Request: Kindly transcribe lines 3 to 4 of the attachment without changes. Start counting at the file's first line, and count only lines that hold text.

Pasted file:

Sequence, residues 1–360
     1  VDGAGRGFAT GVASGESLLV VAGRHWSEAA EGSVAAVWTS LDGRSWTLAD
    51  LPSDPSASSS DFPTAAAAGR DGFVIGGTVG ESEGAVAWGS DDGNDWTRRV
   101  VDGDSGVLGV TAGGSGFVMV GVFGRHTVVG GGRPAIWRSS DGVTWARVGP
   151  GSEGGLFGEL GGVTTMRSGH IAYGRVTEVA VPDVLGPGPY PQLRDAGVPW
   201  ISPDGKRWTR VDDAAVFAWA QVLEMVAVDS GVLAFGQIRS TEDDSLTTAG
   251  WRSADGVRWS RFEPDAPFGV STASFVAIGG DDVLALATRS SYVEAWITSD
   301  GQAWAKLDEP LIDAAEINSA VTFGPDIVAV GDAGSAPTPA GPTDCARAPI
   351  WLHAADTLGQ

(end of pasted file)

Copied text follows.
    51  LPSDPSASSS DFPTAAAAGR DGFVIGGTVG ESEGAVAWGS DDGNDWTRRV
   101  VDGDSGVLGV TAGGSGFVMV GVFGRHTVVG GGRPAIWRSS DGVTWARVGP